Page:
Trucking In Bloomington, Indiana In 1955

  • Imagine you are a contestant on the TV show Jeopardy and you are about to answer a question in the bonus round. “Alex, I’ll take Trucking Company Headquarters For $1000”, you say as you hope for an easy to remember answer. Then Alex Tribec says, “ The answer is “What was the city in which BB & I Motor Freight was headquartered in?” You try to think BB&I? What do the initials stand for? You try to give an answer you hope is correct. “Chicago!” you answer. Alex Tribec looks down and says”I’m sorry, the correct answer is Bloomington, Indiana.”

Bloomington, Indiana? Yes, Bloomington! BB&I was originally known as Bedford, Bloomington and Indianapolis Motor Freight. We will continue to look at BB&I later in this article, but for know let’s get a glimpse of Bloomington in 1955 to understand how trucking would fit in to the big picture.

In 1955 Bloomington, Indiana was a industrial city  as well as the home to Indiana University. Radio Corporation of America (RCA) had a huge television assembly plant south of downtown. Another company that made parts to be used in the RCA plant was also in the city. Hundreds of employees worked in those two plants. Bloomington was also known for numerous limestone quarries that shipped cut limestone all across the country. Not bad for a city of only 29,000 residents living in a city that was only less than 4 square miles in size. A total of 52 industrial establishments in Bloomington employed 3200 men and 2200 women in 1955.

There were only three trucking companies headquartered in Bloomington. One was Moon Freight Lines, a flatbed carrier that transported limestone out of Bloomington to the south and east. Another one was Griffith Motor Express. The other companywas BB&I Freight Lines, Inc. which served Indiana, Chicago and Louisville.

Here is an alphabetical listing of employees that worked for BB&I in Bloomington in 1955 and their position with the company:

  • Delbert F Arthur, driver
  • Russell W Arthur, driver
  • William H Bayne, mechanic
  • Dexter Bays, driver
  • Lewis M Beard, dock worker
  • James A Beckman, mechanic
  • Ernest W Bennett, rate clerk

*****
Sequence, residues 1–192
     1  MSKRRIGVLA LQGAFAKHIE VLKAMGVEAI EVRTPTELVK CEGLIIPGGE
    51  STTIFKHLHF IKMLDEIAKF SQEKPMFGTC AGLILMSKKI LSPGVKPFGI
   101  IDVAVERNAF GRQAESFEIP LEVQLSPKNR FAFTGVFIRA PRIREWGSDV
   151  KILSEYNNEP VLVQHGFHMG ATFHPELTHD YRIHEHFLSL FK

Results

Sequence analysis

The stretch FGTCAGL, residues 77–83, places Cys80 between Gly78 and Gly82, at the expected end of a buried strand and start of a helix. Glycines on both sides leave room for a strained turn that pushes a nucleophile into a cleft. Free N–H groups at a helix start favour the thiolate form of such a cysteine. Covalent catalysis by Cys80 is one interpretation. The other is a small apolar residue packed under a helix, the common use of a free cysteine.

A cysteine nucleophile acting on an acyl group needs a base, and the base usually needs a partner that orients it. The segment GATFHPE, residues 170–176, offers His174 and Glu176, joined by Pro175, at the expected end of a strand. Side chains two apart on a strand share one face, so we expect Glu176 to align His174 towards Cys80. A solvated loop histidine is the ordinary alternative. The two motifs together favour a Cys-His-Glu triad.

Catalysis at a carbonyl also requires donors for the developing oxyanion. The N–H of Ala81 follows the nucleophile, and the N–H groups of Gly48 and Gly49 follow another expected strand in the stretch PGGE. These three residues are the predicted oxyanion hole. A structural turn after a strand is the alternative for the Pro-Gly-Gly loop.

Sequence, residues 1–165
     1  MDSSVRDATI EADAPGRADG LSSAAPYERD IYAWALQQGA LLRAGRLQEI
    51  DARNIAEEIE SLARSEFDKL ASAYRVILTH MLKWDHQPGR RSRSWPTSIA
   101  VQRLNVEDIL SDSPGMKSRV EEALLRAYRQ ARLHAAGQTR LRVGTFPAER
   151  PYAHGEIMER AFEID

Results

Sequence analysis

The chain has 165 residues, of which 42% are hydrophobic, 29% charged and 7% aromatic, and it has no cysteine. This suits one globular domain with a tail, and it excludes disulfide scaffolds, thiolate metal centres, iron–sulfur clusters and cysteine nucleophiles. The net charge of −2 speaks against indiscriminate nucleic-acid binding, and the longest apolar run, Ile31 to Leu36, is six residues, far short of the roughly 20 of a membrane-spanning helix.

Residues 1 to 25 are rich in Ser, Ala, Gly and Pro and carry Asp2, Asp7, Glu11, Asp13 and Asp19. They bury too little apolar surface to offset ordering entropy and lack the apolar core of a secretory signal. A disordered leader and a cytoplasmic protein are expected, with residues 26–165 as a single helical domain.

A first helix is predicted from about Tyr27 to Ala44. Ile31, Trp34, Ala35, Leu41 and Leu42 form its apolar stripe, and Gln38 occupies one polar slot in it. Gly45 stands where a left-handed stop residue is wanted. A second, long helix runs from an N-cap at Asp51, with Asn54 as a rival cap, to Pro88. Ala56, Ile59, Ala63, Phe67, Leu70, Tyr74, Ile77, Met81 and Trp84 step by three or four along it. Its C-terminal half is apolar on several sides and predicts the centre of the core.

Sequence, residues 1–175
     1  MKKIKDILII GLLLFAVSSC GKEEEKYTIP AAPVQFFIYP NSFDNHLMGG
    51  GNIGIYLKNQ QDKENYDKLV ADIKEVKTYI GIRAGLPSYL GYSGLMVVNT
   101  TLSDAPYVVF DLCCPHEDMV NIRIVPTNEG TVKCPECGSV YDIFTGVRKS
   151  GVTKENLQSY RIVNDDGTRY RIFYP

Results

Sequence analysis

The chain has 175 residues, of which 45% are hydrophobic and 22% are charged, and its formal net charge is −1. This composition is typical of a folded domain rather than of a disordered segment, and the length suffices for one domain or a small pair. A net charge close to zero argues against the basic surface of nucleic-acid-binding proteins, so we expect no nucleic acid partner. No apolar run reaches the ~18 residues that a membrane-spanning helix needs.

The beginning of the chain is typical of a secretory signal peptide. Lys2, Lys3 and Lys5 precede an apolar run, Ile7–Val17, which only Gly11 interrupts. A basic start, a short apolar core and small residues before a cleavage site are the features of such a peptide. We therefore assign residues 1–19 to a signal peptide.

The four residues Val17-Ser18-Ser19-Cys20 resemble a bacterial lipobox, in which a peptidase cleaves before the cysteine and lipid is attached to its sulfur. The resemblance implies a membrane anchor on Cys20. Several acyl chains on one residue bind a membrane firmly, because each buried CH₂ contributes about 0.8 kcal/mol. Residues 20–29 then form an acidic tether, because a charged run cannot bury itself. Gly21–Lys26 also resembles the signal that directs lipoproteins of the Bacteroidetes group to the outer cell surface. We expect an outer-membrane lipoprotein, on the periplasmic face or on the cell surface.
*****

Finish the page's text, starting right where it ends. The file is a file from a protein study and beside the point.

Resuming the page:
• Bernard W Bland, driver
  • Floyd H Bryant, driver
  • Frank M Bryant, foreman
  • George E Byers, driver
  • Richard Campbell, dock worker
  • Herbert H Campbell, dock worker
  • Virgil C Combs, dock worker
  • Eugene R Elliott, driver
  • Carlos Fortner, dock worker
  • Jo Ann Gardner, office secretary
  • John R Gill, delivery man
  • Sheldon V Hackler, Delivery man
  • Benjamin M Hall, dock worker
  • Henry H Hammond, janitor
  • Thurman E Harden, delivery man
  • Norman C Hetrick, accounting
  • William Hoard, dock worker
  • Dallas A Howell, driver
  • Ezra O Johnston, mechanic helper
  • George W Johnston, foreman
  • Wilburn E Kern, driver
  • Roger K Kerr, dock worker
  • Bertha L Litten, file clerk
  • Jane Lunsford, clerk
  • Lois J Lunsford, machine operator
  • Glenn E Martin, driver
  • L Ray McLaughlin, parts manager
  • Earl E Miller, traffic manager
  • Glenn O Owens, accounting
  • Leland D Padgett, parts washer
  • Joan D Ress, clerk
  • William L Richardson, mechanic
  • James N Rumple, mechanic
  • Marceillus Rumple, mechanic
  • Burdette W Schweer, dock worker
  • Gilbert Scott, driver
  • Murrell E Scott, driver
  • Richard Steele, dock worker
  • Mrs Betty J Stockeell, clerk
  • Calvin K Summitt, mechanic
  • Ann M Taylor, clerk
  • Eugene J Taylor, delivery man
  • Wayne Taylor, delivery man
  • Forrest Thompson, mechanic
  • J Reece Tribby, dock manager

 

 

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2 thoughts on “Trucking In Bloomington, Indiana In 1955

  1. Knew Delbert Arthur and his wife Ina very well as well as their daughter Polly and her husband Earl. Delbert later drove for Griffith Motor Express also out of Bloomington In. Delbert died of a heart attack one day as he was attempting to climb into the cab of one of the Griffith trucks (don’t remember the year)

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  2. One more thing, I worked for Beasley Logistics (Also known as Beasley Produce) from 1991 to 1998 out of the same building that used to be the Bloomington BB&I terminal at 501 North Rogers Street. It was quite a feeling to know that I was working in the same building that my dad had worked in forty years before me

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